The Thoroughbred breeding arm of one of Chile's largest conglomerates has purchased Vinery, according to a real estate agent involved in the sale.
Haras Don Alberto, a subsidiary of Bethia Holding, purchased the entire 417-acre Central Kentucky breeding and boarding facility from international owner/breeder Tom Simon on Oct. 11. Simon, a retired corporate attorney who lives in Frankfurt, Germany, has had the Kentucky farm and a Florida training center on the market since August 2012. He also owns a breeding farm in Australia that is not being sold.
The Kentucky sale was handled for Vinery by Prudential agents Pam and Bill Michul. Realtor Bill Justice represented the buyer.
"Haras Don Alberto purchased the entire property but have not discussed with us what they would do with it," said Pam Michul.
The purchase price was $13.82 million, according to The Paulick Report, which also reported the asking price to be $13.97 million.
Haras Don Alberto was established in 1987 in the city of Los Angeles, Chile, and was the first commercial venture for the Heller-Solari family. The 500-acre farm is now home to about 180 mares, according to the Bethia Holding website.
With the addition of farming, dairy and a cargo transportation business, the family venture in 1994 became The Bethia Group, which is named after the company's first winning mare. The company became the limited public company Bethia Holding in 2001. Besides Haras Don Alberto, the company also owns the Club Hipico de Santiago racetrack, which runs about 1,500 races annually. Other business ventures include retail, agriculture, transportation, communication, real estate, a winery, health care, and water and sanitation utilities.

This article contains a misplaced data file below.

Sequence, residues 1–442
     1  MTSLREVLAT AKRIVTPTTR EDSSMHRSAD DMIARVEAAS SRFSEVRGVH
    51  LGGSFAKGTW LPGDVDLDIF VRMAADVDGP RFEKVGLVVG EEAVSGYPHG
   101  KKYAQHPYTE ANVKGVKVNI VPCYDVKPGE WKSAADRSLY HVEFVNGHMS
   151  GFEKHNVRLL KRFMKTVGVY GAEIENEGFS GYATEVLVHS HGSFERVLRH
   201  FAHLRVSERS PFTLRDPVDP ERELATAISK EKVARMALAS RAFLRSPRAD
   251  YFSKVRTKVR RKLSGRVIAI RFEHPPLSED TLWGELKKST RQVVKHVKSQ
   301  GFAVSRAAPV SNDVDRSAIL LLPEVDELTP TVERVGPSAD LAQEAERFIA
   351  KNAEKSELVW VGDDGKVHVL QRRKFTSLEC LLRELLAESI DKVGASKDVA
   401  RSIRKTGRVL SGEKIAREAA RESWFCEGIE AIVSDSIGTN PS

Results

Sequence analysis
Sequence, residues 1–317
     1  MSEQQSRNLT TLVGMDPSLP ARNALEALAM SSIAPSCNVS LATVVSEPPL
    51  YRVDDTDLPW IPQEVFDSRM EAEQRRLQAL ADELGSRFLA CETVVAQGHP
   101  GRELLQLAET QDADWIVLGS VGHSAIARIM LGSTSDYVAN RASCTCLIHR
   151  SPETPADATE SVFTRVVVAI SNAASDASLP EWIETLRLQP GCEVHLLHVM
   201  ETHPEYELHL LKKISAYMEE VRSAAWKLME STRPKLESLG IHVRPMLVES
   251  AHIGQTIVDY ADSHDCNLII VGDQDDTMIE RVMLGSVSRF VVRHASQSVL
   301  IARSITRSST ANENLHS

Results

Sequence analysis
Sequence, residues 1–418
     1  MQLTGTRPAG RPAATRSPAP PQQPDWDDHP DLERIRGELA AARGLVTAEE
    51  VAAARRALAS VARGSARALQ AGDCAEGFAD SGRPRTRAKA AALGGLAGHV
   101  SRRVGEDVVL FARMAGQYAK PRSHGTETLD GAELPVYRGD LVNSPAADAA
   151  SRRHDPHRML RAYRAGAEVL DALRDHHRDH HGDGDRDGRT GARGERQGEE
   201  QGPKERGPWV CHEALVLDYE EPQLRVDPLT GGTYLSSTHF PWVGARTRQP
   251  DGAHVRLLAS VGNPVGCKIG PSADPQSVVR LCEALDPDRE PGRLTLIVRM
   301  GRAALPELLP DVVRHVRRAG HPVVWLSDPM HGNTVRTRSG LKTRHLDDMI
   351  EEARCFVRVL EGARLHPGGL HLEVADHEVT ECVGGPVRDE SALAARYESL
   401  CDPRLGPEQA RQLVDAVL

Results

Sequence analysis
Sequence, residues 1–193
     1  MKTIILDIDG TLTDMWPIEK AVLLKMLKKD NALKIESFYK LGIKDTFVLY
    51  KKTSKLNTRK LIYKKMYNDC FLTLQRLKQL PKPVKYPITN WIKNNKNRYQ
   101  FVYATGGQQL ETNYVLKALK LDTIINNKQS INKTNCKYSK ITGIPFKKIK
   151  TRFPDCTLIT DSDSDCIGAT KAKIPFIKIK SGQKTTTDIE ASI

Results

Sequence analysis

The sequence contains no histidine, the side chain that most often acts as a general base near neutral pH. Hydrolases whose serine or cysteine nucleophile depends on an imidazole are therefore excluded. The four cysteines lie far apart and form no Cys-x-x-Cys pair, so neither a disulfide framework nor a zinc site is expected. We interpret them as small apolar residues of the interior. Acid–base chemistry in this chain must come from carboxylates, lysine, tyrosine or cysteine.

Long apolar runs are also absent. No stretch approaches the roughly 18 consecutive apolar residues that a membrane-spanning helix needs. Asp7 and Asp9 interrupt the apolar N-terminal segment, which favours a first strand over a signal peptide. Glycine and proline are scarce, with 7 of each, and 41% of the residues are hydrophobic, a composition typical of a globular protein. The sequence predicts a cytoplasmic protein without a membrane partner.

Thoroughbred breeding and racing is reportedly a passion of Bethia Holding chairwoman Liliana Solari. She has shuttled several North American stallions to her farm in recent years including Bluegrass Cat , Fusaichi Pegasus , Proud Citizen and Stevie Wonderboy.
Vinery's 220-acre training center near Ocala, Fla., was purchased in December 2012 by Barbara Banke's Stonestreet Farm operation and renamed the Stonestreet Training and Rehabilitation Center.